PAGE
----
More than three years ago, federal agents arrested Kraig Lewis in what was called the largest gang takedown in the city's history. The defendants - 120 of them, most from the Bronx - became known as the Bronx 120.

Lewis wasn't even living in the Bronx. He was arrested in Connecticut, where he was in business school studying for his MBA.

But he says his name had been in a controversial NYPD database of alleged gang members because he was a rapper who performed with members of the 2Fly YGz gang.

“It actually wasn't a gang raid,” Lewis says. “It was a community raid because 60 people weren't in the gang.”

Criminal justice advocates are now calling on the NYPD to abolish the gang database, arguing it's responsible for the monitoring and arrest of black and Latino people who are not gang members, and in some cases have not committed any crimes.

The rally was held as the Policing and Social Justice Project, an organization based at Brooklyn College, released a report arguing both the database and the NYPD's gang unit should be dismantled.

It follows a study by the CUNY School of Law this year that said half those arrested in the Bronx 120 Sweep did not belong to the gang and two-thirds weren't convicted of any violent crimes.

“New York City has made a major mistake in framing the problems in poor communities of color as gang problem,” said Alex Vitale, a sociology professor at Brooklyn College.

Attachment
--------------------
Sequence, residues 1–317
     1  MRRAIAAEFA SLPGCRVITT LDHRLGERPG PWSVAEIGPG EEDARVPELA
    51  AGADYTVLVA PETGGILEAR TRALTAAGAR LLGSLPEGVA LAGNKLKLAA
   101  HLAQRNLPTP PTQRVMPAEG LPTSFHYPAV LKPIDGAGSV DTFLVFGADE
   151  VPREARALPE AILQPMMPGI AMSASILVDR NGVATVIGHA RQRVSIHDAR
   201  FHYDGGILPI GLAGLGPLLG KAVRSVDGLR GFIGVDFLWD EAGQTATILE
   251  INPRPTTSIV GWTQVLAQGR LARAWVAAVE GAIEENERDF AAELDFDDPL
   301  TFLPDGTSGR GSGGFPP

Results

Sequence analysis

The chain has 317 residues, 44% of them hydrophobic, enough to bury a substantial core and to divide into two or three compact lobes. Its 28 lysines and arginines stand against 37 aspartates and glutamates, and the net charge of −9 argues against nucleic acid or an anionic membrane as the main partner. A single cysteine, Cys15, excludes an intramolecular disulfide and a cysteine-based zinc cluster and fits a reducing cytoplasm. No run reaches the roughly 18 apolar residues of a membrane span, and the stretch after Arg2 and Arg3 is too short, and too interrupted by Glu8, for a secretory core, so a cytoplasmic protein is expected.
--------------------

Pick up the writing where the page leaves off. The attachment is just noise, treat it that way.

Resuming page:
The NYPD defends the database, saying a person can land in it by admitting gang membership, or taking part in some combination of gang behavior, including: frequenting gang locations, wearing gang paraphernalia, associating with gang members, or posting photos on social media with gang members while wearing gang colors.

The NYPD says it has cut the database nearly in half, to about 17,500 people.

But leaders of the “Erase the Database Campaign” say even by the NYPD's own criteria, people can be in the database for non-criminal activity. In effect, they said, it leads to the monitoring of some people based solely on who they know and where they live.

“The gang database does not stop crime,” said Victor Dempse, of the Legal Aid Society. “It enhances collateral consequences, surveillance, harassment and punishment.

Advocates argue if the city wants to make neighborhoods safer it should invest in community centers, job training and programs aimed at getting teenagers off the street.

“We know what helps prevent crime. We know what we really need. We know we need investments in our community,” said Althea Stevens, a member of the East Side House Settlement.

Kraig Lewis spent two years in prison. He's now working with a Bronx nonprofit, but says the database still follows him.

“I'm not in the streets, I'm inactive, but I know I'm on the database because I get pulled over all the time,” he says.